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How Seattle's Bid For Faster, Cheaper Internet Fell Apart

caption: CondoInternet is expanding broadband through Fremont to Ballard.
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CondoInternet is expanding broadband through Fremont to Ballard.
Courtesy of CondoInternet

Network engineer Lee Kirk was working for Comcast when a friend of his tried to hire him away to Gigabit Squared Seattle for a partnership between the company and the city to improve Internet service in the area.

But Kirk said an offer never materialized, and his friend at Gigabit – which designs and builds networks – started having difficulties.

“After a couple of months he confided that he was not being paid any longer,” Kirk said. “And then, shortly after that, he confided that he had gone to fill a prescription and his health insurance had been canceled. So I sort of saw the company crumbling from the outside.”

The deal had collapsed, leaving unpaid bills and no clear path forward on a mayoral promise to expand broadband in the city.

An Uneasy Partnership

In December 2012, officials from Seattle, the University of Washington and Gigabit, then a new company, announced a plan to bring high-speed Internet to certain Seattle neighborhoods.

Gigabit Squared would lease the city’s fiber optic network and raise the money necessary to connect to nearby homes and businesses. It fulfilled, at least in a limited way, a campaign promise of Mayor Mike McGinn to expand broadband citywide.

On a visit to Seattle last June, Gigabit Squared’s then-President Mark Ansboury was upbeat. Strolling around Seattle’s University District, he pointed to buildings where residents could look forward to blazing fast Internet service once he found enough investors.

“We committed $20 million dollars to build out the initial framework. But we’re raising more capital than that,” Ansboury said.

Success on the Gigabit Squared project would have meant more competition to Comcast and CenturyLink. Its cheapest package gave customers free Internet for five years after an initial $350 installation fee. Gigabit Squared also planned to extend service to residents of public housing.

But the company didn’t have a track record. Bill Schrier, Seattle’s former chief technology officer, retired before the partnership was announced. He said he was cautiously optimistic, but said, “My major concern was that Gigabit Squared had never really done anything.”

The Project Crumbles

A year later, the partnership was in trouble.

Last month, McGinn said that the project might not happen. Now Ansboury has left the company, and city officials said Gigabit Squared confirmed that it never got the necessary financing.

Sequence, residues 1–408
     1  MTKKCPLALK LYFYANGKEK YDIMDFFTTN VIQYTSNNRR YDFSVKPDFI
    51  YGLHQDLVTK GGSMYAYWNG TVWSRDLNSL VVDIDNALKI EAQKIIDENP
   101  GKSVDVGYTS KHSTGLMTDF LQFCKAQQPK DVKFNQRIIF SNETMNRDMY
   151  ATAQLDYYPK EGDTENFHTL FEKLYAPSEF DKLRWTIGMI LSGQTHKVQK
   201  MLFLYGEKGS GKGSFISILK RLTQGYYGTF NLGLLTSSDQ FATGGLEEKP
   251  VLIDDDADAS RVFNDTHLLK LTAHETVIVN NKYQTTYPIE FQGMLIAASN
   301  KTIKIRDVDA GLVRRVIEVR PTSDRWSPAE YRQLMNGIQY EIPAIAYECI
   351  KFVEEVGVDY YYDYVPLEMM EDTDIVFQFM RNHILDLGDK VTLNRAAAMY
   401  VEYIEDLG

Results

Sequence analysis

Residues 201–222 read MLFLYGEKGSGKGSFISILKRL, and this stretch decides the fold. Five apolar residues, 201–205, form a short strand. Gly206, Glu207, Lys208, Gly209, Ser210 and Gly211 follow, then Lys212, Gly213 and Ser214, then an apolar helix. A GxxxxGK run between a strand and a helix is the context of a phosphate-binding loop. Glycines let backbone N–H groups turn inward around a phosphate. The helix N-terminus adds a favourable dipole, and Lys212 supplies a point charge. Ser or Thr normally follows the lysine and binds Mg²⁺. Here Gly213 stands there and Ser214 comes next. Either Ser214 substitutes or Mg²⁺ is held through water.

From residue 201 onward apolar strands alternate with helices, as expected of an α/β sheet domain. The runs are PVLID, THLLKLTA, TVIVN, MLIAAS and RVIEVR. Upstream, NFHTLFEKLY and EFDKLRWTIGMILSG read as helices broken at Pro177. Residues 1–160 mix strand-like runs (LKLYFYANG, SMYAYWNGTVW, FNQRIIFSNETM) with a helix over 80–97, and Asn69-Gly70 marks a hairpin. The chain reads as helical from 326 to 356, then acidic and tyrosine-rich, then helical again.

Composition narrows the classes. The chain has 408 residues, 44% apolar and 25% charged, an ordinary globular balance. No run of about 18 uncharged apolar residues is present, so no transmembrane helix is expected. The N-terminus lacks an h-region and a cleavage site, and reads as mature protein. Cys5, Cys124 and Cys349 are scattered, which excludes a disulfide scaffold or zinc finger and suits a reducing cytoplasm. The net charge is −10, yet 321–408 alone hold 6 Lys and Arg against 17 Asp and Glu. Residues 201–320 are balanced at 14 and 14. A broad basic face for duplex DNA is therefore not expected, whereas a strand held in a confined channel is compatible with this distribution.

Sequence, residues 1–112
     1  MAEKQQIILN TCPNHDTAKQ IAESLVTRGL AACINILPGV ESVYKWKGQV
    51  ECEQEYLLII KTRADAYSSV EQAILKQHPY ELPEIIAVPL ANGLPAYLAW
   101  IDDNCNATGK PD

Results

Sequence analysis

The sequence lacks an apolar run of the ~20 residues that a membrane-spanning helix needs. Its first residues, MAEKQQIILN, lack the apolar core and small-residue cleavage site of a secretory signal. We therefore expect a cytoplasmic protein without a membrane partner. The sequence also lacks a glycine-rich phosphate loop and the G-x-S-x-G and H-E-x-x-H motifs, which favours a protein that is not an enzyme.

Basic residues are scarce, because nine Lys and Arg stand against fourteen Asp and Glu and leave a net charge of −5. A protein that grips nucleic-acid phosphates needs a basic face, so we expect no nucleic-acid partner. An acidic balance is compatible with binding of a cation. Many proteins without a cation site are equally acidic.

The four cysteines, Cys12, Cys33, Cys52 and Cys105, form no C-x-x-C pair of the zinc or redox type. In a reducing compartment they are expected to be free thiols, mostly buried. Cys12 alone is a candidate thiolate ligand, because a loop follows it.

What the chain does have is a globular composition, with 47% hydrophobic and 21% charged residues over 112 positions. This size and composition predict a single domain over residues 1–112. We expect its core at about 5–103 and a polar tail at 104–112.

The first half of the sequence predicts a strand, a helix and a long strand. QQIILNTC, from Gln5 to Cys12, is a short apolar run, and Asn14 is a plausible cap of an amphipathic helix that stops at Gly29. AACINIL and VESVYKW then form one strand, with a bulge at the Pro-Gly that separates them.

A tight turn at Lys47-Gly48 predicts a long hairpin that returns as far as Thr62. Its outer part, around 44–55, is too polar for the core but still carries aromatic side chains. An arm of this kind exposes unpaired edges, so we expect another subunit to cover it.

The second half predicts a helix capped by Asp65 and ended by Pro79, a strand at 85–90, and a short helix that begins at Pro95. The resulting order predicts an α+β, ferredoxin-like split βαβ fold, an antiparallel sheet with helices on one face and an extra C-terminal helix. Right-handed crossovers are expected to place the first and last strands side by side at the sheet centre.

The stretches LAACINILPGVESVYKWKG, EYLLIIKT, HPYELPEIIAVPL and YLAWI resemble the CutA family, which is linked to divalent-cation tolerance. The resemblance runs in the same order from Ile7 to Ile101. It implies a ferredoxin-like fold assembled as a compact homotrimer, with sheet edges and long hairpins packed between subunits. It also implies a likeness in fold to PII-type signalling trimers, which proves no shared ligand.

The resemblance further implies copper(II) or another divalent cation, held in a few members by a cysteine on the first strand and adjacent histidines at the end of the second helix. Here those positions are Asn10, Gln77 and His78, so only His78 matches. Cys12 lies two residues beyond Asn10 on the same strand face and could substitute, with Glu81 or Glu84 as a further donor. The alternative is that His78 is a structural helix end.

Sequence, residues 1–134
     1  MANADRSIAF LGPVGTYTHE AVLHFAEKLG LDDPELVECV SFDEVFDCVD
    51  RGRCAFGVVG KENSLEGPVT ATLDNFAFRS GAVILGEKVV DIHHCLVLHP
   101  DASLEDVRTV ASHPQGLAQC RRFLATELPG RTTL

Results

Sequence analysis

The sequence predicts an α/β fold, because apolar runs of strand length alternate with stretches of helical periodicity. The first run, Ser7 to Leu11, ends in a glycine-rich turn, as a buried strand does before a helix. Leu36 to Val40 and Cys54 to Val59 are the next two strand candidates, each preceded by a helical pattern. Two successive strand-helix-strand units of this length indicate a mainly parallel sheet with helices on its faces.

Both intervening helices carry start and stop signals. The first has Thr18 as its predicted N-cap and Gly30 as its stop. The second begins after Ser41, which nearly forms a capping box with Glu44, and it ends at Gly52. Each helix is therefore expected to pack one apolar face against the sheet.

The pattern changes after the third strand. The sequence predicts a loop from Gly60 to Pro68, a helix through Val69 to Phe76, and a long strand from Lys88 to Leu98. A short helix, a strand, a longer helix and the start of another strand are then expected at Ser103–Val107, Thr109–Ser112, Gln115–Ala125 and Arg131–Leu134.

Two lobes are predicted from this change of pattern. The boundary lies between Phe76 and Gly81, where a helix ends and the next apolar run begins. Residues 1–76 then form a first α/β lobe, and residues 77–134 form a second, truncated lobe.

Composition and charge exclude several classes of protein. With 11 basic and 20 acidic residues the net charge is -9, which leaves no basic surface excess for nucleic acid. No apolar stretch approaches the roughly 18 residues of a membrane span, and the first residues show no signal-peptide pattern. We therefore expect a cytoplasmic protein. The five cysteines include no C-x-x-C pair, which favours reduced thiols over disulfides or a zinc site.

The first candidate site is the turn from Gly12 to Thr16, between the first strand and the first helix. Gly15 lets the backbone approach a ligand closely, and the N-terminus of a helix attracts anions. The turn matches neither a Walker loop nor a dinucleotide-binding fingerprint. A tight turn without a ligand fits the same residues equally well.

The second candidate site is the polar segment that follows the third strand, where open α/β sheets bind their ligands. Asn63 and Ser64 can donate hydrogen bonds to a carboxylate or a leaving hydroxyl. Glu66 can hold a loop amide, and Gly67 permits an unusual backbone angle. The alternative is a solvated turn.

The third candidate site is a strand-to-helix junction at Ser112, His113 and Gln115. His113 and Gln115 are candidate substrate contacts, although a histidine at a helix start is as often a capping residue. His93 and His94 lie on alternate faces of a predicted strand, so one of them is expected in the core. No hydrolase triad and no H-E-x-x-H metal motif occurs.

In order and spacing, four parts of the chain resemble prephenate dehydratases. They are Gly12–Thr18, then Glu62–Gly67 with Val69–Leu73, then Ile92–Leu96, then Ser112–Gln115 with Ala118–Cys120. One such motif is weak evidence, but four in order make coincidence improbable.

The company owes Seattle about $50,000 and may have other debts.

Schrier said the economic development potential of faster Internet service is enormous, and city officials deserve credit for trying to bring it about.

He said there are two ways for Seattle to pursue high-speed Internet services: One is to try and attract another company with a proven history, like Google Fiber, which has built fiber to people’s homes in Kansas City and Austin. The city could also create a public utility to build it, perhaps relying on property taxes.

‘A Clean Slate’

Recently inaugurated Mayor Ed Murray said the city can work off a clean slate. “We obviously have to go back to the drawing board and figure out how we get Seattle – the center of one of the high-tech cities on the planet – wired,” Murray said.

While residents of some neighborhoods have ongoing problems with Internet service, it’s not clear that most people in Seattle are clamoring for more options. But for a certain contingent of tech-savvy residents living in the city’s condo and apartment buildings, broadband is vital.

That’s the target market for CondoInternet, which offers service at one gigabit-per-second, the kind of speed that universities and tech companies want for their offices.

CondoInternet is already expanding in Ballard and Fremont. The firm’s founder, John van Oppen, said expanding would mean digging up streets – it's incredibly expensive. Last year his company was acquired by Wave Broadband, which has the money and infrastructure to let them grow more quickly.

“It’s not cheap to build fiber to a business or to a home. And this requires kind of bigger-company scale. This is why we partnered with Wave,” van Oppen said. “As a smaller company we couldn’t expand at the rate we wanted to on our own, because we couldn’t fund it.”

Van Oppen isn’t shocked that Gigabit Squared couldn’t fulfill its promises. Seattle’s current chief technology officer, Erin DeVoto, said Seattle gave the project “the college try,” and learned the lesson that “it still comes down to financing.”

DeVoto is waiting to see what Murray has in mind. But she said that new statistics show more people are using mobile devices and Wi-Fi to access city services. So the city might focus on making those services as user-friendly as possible, rather than helping extend fiber to homes and businesses.

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